Japan's 72 Microseasons - #7
"Hibernating Insects Open Their Doors"
March 6 - 10
すもごりむし とを ひらく
Sumogori-mushi to wo hiraku
"Hibernating insects open their doors"
Ice and snow melt, rain falls onto newly revealed soil, haze rises as the ground heats, green sprouts capture the Sun’s rays, everything becomes warmer and brighter and more alive—a step-by-step process repeated year after year.
The stage is set for Sekki 3: Keichitsu (啓蟄), the awakening period of insects and other small things. In this kō, we talk about hibernating “insects,” but truly we are talking about all sorts of critters that live in and on the ground. So it is that, in the image above, we feature not beetles or flies or even worms, but frogs. Different languages categorize things different ways, and so it is that Japanese considers mushi (虫) to be not only bugs, but also, well, general creepy-crawlies. (In fact, the 虫 character originally represented snakes, and “reptiles” is still written 爬虫). You can observe the sort of hieroglyphic genesis here:
While often subtly, different, in this case the sekki and its first kō actually both point to the same occurrence: the seasonal period when bugs and other little critters are once again active. The two kanji characters in the sekki: 啓 (kei) and 蟄 (chitsu), appear in this kō, albeit with different readings but same meaning of insect hibernation ending. Having already mentioned 虫 above, we’re 3/4 of the way to understanding this kō. The final character is 戸 (to) which quite simply refers to a door or entrance. So we have hibernating (蟄) insects (虫) opening (啓) their doors (戸).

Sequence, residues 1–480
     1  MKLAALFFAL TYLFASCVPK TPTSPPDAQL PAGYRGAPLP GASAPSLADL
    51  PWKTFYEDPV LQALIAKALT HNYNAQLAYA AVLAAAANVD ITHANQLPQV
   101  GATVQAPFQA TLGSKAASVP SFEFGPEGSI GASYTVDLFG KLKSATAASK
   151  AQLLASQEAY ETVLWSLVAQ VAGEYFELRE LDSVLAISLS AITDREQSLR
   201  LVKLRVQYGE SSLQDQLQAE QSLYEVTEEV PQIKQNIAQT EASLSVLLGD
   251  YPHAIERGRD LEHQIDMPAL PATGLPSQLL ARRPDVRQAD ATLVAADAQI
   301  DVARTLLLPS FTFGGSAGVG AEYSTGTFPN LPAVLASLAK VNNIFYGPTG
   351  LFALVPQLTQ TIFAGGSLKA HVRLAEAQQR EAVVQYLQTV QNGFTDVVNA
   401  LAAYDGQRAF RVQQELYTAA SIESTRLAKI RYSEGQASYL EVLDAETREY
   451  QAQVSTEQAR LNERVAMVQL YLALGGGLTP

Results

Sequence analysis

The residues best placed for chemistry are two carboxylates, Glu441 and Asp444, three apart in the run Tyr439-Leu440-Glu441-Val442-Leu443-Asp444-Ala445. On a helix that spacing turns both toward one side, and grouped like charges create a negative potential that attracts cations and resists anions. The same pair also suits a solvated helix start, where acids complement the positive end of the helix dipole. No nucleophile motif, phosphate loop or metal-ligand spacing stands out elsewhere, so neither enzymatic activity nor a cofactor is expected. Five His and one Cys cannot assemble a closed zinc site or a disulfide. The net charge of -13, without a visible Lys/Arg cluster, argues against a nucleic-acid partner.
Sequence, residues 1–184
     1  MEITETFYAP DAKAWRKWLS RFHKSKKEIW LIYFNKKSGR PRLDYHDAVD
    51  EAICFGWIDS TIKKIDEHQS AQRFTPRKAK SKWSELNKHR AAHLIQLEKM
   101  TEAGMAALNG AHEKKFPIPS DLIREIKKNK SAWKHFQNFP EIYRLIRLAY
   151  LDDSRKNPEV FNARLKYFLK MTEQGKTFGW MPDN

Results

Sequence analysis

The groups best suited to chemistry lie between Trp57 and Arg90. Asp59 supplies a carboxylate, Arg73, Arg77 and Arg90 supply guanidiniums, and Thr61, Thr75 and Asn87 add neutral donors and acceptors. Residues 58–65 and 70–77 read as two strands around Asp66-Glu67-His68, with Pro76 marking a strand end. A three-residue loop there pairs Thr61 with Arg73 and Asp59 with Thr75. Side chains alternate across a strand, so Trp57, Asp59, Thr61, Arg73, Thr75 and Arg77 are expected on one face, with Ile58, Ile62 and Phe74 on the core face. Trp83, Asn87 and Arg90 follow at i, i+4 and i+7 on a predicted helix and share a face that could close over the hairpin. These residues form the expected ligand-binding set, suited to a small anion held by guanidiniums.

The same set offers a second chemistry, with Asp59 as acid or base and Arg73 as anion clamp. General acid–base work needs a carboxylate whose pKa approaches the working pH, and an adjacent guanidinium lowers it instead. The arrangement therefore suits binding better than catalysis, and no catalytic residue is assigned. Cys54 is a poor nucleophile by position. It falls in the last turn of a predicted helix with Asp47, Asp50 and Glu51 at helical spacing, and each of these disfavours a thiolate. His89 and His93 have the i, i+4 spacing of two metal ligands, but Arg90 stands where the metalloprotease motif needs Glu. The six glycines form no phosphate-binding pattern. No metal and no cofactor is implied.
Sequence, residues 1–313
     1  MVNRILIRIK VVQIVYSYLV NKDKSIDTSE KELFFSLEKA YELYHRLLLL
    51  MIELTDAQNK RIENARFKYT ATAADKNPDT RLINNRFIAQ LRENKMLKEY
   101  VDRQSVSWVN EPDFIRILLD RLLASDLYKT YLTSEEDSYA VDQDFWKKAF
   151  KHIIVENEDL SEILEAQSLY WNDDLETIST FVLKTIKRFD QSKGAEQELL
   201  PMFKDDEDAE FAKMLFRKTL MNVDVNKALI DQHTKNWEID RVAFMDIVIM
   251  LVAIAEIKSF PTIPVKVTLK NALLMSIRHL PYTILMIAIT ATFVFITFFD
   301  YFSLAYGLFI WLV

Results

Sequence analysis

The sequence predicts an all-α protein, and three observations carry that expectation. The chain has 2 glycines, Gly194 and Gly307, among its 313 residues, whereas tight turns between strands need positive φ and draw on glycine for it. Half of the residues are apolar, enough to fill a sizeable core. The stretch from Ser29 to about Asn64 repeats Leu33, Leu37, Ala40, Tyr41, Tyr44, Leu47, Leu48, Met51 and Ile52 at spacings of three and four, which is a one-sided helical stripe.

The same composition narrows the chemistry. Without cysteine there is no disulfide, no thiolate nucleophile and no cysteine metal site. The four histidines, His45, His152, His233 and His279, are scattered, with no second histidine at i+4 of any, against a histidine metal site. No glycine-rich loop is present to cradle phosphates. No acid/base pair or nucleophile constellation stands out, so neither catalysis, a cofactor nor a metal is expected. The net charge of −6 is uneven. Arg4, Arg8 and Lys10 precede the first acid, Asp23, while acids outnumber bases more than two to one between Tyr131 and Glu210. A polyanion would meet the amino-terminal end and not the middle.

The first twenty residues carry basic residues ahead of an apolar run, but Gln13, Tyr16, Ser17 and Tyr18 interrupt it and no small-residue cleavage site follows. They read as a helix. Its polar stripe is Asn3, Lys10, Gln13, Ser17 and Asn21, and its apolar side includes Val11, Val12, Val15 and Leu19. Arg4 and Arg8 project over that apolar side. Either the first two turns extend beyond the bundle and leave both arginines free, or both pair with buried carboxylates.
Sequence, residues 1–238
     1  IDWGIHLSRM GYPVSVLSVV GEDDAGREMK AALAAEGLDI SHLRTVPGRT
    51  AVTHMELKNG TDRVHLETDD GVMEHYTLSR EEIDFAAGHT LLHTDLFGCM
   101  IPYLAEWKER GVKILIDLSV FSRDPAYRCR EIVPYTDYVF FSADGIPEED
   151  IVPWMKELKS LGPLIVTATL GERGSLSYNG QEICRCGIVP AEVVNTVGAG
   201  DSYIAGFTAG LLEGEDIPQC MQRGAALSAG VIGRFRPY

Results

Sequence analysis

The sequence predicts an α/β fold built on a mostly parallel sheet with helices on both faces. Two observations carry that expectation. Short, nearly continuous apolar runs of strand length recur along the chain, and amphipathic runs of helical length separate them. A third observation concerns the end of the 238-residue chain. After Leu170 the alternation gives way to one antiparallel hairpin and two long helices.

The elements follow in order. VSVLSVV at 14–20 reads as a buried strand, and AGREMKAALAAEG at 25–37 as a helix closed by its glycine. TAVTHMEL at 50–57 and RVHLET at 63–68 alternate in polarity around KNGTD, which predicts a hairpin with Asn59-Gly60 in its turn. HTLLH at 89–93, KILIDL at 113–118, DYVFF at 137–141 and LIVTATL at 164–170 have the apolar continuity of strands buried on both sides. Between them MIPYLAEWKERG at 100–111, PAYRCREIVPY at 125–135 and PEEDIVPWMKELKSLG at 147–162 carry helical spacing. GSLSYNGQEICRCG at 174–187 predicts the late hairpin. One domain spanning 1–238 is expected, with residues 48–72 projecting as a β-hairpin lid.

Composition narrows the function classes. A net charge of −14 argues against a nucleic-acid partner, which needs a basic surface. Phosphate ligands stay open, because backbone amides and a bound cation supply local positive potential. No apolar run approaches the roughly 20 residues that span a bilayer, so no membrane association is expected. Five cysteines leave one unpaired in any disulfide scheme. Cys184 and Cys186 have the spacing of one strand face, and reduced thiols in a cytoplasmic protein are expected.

You won’t see the first character, 蟄, in common use unless you are talking about hibernating insect or, strangely, under house arrest. For the Koyomi, it was localized as sumogori (巣もごり) which is a more general word for “nesting” or “hibernating.” Following that is our “little ground critter” character 虫, combining to mean “hibernating critters.” 啓 is another character most won’t see unless writing a very formal letter, as it still appears in the polite salutation haikei (拝啓), loosely meaning something like “respectfully opening.” But the “open” part is what we’re taking here, and those things that spend their winter underground are letting the sunshine in in this kō.
What all these tiny earth-dwelling denizens are waiting for is of course not a specific calendar date, but rather a pattern of warm temperatures. Apparently the average has to hold at around 10°C (50 F) in order to get those bug doors open. So the exact timing can vary place to place, but if you’re in the northern hemisphere and things have been in the double digits lately, why not have a look around the ground to see what’s moving?
And if nothing out there is crawling out of their hibernating holes yet? Well, I suppose it’s up to you to get out there and kick off the season!
See you next kō~
Keep up with the seasons